UNHCR takes Afghan group return one step further - to Karachi
KARACHI, Pakistan, April 8 (UNHCR) - Haji Ali Khan could not wait to give up his grocery shop in Pakistan and resume life as a farmer in his native Faryab province in north-western Afghanistan. He even bought a tractor to cultivate the land. But he was not sure if he would have a roof over his head or water to grow his crops back home.
After a year of deliberation, the Afghan elder finally left for home on Tuesday, leading a group of 318 refugees, or 63 families, under UNHCR's first facilitated group return movement from Karachi in southern Pakistan.
Under this programme, UNHCR staff in Pakistan identify a group of refugee families who want to repatriate to the same location in Afghanistan but who feel that there is a particular obstacle that first needs to be addressed. The agency's field workers listen to their concerns and relay the matter to staff in Kabul for assessment. If the problem can be addressed, it is resolved with the help of local authorities and partner agencies. UNHCR then relays the news back to Pakistan so the refugees can decide if they want to voluntarily repatriate.
"Haji Ali Khan approached us earlier saying that his group was ready to repatriate but wanted his concerns of drinking water and shelter to be addressed. Now he has decided that he can't wait longer and would like to repatriate", said Mohammad Musa Khan, UNHCR repatriation assistant in Karachi. He has informed his colleagues in Afghanistan about the group's arrival and has asked the office to assist them with their concerns.
Tuesday's group was not the first case of facilitated group return from Pakistan. Last year, a group of 100 Uzbek families in Latifabad camp had asked UNHCR to assure their security on their way back to Mazar-i-Sharif. This was arranged with the help of the Afghan Ministry of Rehabilitation and Repatriation (MoRR). Another group of 38 Pashtun families from camps in Chaman had bought land in Kandahar province and asked UNHCR to help them install tube wells for water. They returned after UNHCR Kandahar installed three tube wells.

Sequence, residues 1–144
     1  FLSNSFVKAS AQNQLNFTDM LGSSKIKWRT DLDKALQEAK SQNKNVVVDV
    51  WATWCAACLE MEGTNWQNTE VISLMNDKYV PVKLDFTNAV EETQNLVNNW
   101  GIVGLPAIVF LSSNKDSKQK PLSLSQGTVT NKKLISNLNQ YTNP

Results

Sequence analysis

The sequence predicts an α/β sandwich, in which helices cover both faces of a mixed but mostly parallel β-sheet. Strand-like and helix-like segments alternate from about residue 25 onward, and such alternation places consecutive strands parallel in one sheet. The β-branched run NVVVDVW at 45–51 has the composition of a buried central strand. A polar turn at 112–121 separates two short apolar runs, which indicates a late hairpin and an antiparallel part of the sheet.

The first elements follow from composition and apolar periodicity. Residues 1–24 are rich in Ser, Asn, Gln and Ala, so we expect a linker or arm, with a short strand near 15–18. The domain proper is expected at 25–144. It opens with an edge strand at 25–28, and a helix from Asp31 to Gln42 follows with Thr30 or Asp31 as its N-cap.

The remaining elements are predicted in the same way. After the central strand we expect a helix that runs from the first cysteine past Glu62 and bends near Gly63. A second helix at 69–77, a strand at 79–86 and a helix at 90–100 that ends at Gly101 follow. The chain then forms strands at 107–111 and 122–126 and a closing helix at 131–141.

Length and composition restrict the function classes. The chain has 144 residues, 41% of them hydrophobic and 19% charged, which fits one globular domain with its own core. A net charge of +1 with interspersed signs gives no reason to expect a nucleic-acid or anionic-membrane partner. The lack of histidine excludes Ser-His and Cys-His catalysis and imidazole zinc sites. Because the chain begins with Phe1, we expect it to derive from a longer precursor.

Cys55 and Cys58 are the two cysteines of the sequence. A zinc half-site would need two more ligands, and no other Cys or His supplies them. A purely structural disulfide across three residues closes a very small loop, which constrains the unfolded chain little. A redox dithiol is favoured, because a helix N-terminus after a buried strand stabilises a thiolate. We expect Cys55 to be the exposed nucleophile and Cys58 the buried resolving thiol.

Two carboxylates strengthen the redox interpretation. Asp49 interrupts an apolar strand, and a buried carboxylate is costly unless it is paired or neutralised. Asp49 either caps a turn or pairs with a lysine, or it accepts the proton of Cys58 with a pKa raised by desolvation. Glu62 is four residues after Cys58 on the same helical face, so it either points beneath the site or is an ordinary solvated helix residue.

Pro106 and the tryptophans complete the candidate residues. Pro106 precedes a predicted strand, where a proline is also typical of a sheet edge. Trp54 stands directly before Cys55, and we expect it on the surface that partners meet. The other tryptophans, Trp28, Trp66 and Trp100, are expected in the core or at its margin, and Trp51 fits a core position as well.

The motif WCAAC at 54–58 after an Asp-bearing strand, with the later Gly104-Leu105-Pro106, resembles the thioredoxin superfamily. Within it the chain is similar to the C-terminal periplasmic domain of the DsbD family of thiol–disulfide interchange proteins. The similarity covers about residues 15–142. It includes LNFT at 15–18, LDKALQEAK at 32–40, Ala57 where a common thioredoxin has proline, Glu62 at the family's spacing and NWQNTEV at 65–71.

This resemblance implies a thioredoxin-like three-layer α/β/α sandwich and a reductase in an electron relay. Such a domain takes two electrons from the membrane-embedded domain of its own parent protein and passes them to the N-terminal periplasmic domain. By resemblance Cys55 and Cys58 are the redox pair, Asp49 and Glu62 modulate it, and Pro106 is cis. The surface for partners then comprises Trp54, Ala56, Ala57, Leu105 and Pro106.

As a part of the facilitated group return process, UNHCR also facilitates go-and-see visits to Afghanistan by group elders of Afghan refugees in Pakistan. The visits provide a chance for refugees to assess the situation, talk to people and the authorities, and decide if they want to repatriate or not.
"No one likes to be displaced from his own land and people but this was written in fate for us to spend 15 years in different places of Pakistan. So we did," said Afghan elder Haji Ali Khan. "Now its time to return and we are all ready to embrace our land again. This is a historic moment for me and my group as we finally are moving to settle back in Afghanistan."
Joining the FGR group on Tuesday were another 74 Afghan families with 450 individuals from Karachi.
"We came to Pakistan when life became really tough in Afghanistan," said a man called Shah Wali. He said that the group lived in different parts of Pakistan before coming to Karachi. "We worked as labourers, drivers, street vendors and carpenters in Karachi, earning a good living. But now we are going back because Afghanistan is our motherland and have to go back at this stage of life."
Mohammad Yousif, 24, also went back with his family after 12 years in Pakistan.
"I am excited to return," he said. "I don't know how Kabul looks now but have heard that nowadays it's as busy as Karachi."
Tuesday's returns brought the total number of Afghan refugees going back from Pakistan past the 42,000 mark since the start of this year's repatriation on March 2. Last year, more than 343,000 refugees returned from Pakistan, including 35,400 refugees from Karachi.